Above: New Norcia’s Abbey Church and interior, with the Moser pipe organ crafted in Germany and imported to Australia in 1921. We were privileged to hear a short recital on this rare organ by monk Fr Robert Nixon, who is also an accomplished pianist and composer.
Above: New Norcia’s St Ildephonsus College, a former boarding school for boys, and chapel
Above: New Norcia’s St Gertrude’s College, a former boarding school for girls, and chapel
After a delicious lunch in New Norcia’s pub, we headed off for our next stop … another delightful pub at the village of Grass Valley, just east of Northam. The tavern was very welcome on a chilly night, with a cosy fire, scrumptious meals and great vibe. Of course, like most pub stays, this “free camp” wasn’t so free by the time we paid for a few beers and dinner – but hey, it was a great night.
So we headed to Meckering the next day and pulled into the free camp provided by the town. Located at the entry to the town in the rose gardens, it was a pleasant location, with access to bathrooms and even a small book exchange in an old fridge. Meckering is on the Great Eastern Hwy, and also on the main rail line between Perth to the west and Kalgoorlie to the east.
The Meckering township was effectively destroyed in 1968 by a violent 6.5 magnitude earthquake, the strongest ever recorded in Australia at the time. The fault line was only four kms west of the township. Examples of the damage caused by the earthquake are on display in the town, including a section of buckled railway line and a two metre section of the 76cm diameter steel water pipeline to the goldfields that was telescoped by the 2.5m horizontal displacement at the fault line.
Of course, the real reason for coming out this way was to visit the town of Cunderdin, where John used to fly gliders in his youth. And wasn’t that a trip down Amnesia Lane?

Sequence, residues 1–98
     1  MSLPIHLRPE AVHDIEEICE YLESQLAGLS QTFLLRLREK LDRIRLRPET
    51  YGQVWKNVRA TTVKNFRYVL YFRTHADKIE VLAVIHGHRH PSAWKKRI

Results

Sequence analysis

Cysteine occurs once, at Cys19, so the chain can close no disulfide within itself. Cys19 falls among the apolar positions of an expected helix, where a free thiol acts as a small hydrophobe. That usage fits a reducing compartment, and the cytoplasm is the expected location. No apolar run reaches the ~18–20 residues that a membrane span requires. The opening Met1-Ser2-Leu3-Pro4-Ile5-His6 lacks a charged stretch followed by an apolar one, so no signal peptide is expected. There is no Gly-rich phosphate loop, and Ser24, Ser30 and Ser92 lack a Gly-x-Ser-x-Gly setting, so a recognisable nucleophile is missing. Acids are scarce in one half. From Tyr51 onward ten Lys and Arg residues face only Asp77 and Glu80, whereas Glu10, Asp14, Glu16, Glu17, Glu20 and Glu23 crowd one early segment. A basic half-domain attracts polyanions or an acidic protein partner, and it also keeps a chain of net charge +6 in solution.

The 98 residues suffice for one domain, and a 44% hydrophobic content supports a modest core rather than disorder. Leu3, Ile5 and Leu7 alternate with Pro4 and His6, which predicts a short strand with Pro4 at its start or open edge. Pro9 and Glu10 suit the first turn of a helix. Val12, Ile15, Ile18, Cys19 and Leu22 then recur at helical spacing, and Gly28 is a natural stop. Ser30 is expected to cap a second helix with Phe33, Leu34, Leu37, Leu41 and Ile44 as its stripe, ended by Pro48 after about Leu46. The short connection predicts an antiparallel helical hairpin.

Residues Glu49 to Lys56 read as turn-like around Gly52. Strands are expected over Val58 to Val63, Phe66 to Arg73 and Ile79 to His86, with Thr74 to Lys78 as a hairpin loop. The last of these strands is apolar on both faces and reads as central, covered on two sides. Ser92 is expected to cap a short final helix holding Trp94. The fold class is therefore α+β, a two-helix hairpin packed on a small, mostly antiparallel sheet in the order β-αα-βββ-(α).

Our next stop was in Northam, by the banks of the Avon River. Northam is the largest town in the Avon region and, interestingly, it is also WA’s largest inland town not founded on mining.
Our next stop, Toodyay, is a beautifully maintained historic town. Unfortunately for us, we lobbed into town when most businesses and cafes were closed, thanks to a major electrical power upgrade happening that day that plunged the whole main street into a scheduled blackout.
But who needs coffee or shopping? We saved our pennies and instead walked the historic streets and took in the beautiful sights.
Our final stop in the Avon Valley was York, Western Australia’s first inland town. Here was yet another centrally located well-equipped free camp – this one even had some powered sites, adjacent to the Avon River.
Like Toodyay, York is another exquisitely beautiful historic town.
York has several very large pieces of wheat straw art on display, including a bilby about three metres high and a beautifully thatched western swamp tortoise (see below).
One of the jewels in York’s crown is the York Motor Museum, which started life 40 years ago from the private collection of Peter Briggs, and is now owned by the Avon Valley Motor Museum Association.
We continue to enjoy supporting small towns that provide free camps for travellers, spending money in local shops, bakeries, pubs and supermarkets. This has also meant that we have had some wonderful experiences in small towns that we may otherwise have bypassed.
Phew! That was a long blog with lots of pics!
We’re off early in the morning with our sights set on Perth, where we plan on catching up with old friends and visiting some of our old haunts from when we lived here over three decades ago.